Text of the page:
From: LARRY KLAES (email@example.com)
Date: Wed Dec 19 2001 - 20:44:02 PST
----- Original Message -----
Sent: Wednesday, December 19, 2001 5:27 PM
Subject: All-Terrain Rovers May Scale Mars' Cliffs
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JET PROPULSION LABORATORY
CALIFORNIA INSTITUTE OF TECHNOLOGY
NATIONAL AERONAUTICS AND SPACE ADMINISTRATION
PASADENA, CALIF. 91109 TELEPHONE (818) 354-5011
Contact: Carolina Martinez (818) 354-9382
FOR IMMEDIATE RELEASE December 19, 2001
ALL-TERRAIN ROVERS MAY SCALE MARS' CLIFFS
NASA researchers are developing new prototype robots that
can drive up steep hills and descend almost-vertical cliffs.
Working alone or as a team, these autonomous robotic explorers
may go where no rover has gone before -- the cliffs of Mars.
Recent Mars Global Surveyor images suggest water outflows
near cliff edges and the possibility of rich water-borne
mineral deposits that extend all the way to the cliff base.
"We know that some of the most exciting Mars science and
history will be in very rough, currently inaccessible terrain.
Getting to those hard-to-reach spots -- navigating and
exploring them -- will require altogether new types of robotic
vehicles," said Dr. Paul Schenker, supervisor of the
Mechanical and Robotics Technologies Group at NASA's Jet
Propulsion Laboratory, Pasadena, Calif., and principal
investigator for the All-Terrain Explorer.
"These include rover systems that can surmount the hilly
base of cliffs, even descend from cliff edges to study cliff
stratigraphy. Some years from now, rovers may literally be
hanging out on Mars," he said.
In a demonstration near JPL, a new mobility system
navigated a cliff face. Two "tether-bot" rovers stationed
themselves at the cliff's edge, assisting a third steerable
"cliff-bot" as it actively descended and ascended the steep
"They're a true team, tightly coordinating their
behaviors, sharing what they sense," Schenker said. "They
communicate instantaneously, make mutually informed decisions
and jointly implement their control actions. We can think of
them as a climber with two good friends. We're not yet at the
point of human competence, where one robot can go it all
The rovers can cooperate in a number of ways: controlling
tension to avoid slackness in the tethers, matching velocity
of tether payouts to cliff-bot navigation, maintaining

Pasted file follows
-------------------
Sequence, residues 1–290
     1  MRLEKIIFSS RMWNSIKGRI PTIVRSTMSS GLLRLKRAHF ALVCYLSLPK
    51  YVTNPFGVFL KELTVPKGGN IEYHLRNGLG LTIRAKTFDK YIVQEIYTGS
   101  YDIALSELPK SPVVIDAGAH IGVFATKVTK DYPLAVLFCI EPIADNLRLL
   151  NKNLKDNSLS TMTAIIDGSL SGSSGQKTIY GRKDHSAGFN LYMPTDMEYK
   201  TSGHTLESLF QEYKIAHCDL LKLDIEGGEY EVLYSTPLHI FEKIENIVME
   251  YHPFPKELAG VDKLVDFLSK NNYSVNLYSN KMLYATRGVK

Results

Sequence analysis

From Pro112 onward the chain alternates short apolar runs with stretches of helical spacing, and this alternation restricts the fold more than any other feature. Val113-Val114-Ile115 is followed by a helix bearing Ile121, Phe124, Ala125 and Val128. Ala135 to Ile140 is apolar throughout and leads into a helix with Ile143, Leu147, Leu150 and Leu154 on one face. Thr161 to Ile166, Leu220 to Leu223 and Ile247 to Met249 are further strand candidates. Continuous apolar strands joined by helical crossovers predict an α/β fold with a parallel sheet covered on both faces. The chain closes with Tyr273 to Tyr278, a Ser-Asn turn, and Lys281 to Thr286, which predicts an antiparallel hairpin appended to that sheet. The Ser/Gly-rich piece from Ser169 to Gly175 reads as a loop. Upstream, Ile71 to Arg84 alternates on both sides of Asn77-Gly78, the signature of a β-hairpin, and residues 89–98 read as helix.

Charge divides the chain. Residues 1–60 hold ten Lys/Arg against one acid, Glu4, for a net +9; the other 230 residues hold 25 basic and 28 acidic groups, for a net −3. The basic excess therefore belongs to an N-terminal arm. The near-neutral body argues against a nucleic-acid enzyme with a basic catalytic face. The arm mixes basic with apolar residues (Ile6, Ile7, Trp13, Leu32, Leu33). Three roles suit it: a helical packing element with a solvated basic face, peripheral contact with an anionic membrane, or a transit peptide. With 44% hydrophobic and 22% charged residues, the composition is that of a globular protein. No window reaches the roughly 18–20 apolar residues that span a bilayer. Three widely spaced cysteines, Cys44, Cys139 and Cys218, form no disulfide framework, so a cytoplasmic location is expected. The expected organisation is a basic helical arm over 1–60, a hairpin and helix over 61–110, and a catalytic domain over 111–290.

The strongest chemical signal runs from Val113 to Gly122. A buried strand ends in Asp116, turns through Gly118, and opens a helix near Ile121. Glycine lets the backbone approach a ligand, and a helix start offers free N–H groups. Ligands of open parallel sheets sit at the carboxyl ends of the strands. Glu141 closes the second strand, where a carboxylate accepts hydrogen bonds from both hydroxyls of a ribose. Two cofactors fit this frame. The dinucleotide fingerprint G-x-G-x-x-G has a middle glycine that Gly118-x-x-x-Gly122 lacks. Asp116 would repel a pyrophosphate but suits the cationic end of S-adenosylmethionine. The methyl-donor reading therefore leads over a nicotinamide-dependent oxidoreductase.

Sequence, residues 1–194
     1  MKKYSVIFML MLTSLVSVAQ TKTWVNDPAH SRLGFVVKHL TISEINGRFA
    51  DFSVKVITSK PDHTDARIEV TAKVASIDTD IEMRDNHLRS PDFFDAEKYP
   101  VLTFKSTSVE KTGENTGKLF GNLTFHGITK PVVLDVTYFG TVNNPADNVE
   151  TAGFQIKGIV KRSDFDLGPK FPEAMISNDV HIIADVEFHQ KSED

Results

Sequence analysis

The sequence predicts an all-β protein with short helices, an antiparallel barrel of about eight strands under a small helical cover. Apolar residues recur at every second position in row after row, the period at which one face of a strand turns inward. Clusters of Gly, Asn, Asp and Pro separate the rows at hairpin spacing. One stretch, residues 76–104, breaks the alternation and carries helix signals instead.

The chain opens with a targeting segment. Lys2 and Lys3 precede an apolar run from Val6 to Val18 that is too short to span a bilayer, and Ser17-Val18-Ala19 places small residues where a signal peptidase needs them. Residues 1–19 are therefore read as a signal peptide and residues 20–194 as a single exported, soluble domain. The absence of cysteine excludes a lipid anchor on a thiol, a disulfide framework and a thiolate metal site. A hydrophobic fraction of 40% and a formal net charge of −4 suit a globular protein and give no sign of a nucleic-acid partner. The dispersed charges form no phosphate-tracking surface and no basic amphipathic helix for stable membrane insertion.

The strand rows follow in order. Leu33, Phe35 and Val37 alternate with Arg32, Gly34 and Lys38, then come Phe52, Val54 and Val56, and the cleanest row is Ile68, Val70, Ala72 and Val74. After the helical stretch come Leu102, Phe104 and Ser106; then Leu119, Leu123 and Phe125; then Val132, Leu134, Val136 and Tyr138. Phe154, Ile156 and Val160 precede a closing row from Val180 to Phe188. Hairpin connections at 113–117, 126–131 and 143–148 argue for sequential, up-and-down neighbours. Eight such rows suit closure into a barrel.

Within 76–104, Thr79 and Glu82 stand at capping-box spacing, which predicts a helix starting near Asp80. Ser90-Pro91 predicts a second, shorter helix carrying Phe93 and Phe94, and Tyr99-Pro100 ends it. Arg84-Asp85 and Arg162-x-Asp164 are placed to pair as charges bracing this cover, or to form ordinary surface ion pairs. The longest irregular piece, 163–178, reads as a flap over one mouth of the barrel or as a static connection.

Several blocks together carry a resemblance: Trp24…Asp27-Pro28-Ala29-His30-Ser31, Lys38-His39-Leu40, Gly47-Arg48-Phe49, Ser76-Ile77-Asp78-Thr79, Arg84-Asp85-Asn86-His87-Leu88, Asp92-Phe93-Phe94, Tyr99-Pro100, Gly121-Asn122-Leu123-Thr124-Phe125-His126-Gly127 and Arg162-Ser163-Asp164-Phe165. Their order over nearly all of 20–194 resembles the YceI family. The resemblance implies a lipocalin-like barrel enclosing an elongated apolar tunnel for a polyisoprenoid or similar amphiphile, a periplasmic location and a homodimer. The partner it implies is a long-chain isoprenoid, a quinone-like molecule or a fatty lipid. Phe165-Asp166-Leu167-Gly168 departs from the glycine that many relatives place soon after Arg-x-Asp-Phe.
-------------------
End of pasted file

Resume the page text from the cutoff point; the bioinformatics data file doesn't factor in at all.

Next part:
stability to prevent cliff-bot tip-over and hauling actions to
initiate the "climber's" uphill driving when the going gets
Over the past year, the JPL researchers also successfully
developed and demonstrated a single rover that can traverse
sandy natural terrain on slopes of 40 to 50 degrees. Similar
to an agile animal, this mechanically reconfigurable All-
Terrain Explorer behaviorally adapts its stance and balance,
reacting to visually perceived changes in the terrain ahead
and motion cues from onboard accelerometers.
"These technology advances should enable broader robotic
exploration of planetary surfaces, letting rovers truly follow
the water, thus giving us a better look at possibilities of
past or present life on Mars," Schenker said. "Similarly,
there are potentially important terrestrial applications,
including urban and rural search-and-rescue operations."
Basic research on the All-Terrain Explorer rovers
continues, and engineers envision that their work may well be
part of a future Mars mission to explore the steep hills and
gullies, nooks and crannies of the red planet.
More information on this work is available at:
NASA's Cross Enterprise Technology Development Program
provided funding for this work. The California Institute of
Technology in Pasadena manages JPL for NASA. JPL is the lead
NASA center for robotic exploration of the solar system.
# # # # #
Note to Broadcasters: A video file to accompany this release
will air on NASA Television
Dec. 19, 20 and 21, during the NASA TV video file feed
scheduled for noon, 3 p.m., 6 p.m., 9 p.m., and midnight EST.
A live satellite interview opportunity with the principal
investigator, Dr. Paul Schenker is available via NASA
Television on Thursday, Dec. 20, from 3 to 7 p.m. EST. To book
an interview, call Jack Dawson at (818) 354-0040. For NASA
Television schedule information see
NASA TV is broadcast on GE-2, transponder 9C, C-Band, located
at 85 degrees West longitude. The frequency is 3880.0 MHz.
Polarization is vertical and audio is monaural at 6.8 MHz. For
general questions about the NASA Video File, contact Fred
Brown, NASA Television, Washington, D.C. (202) 358-0713.
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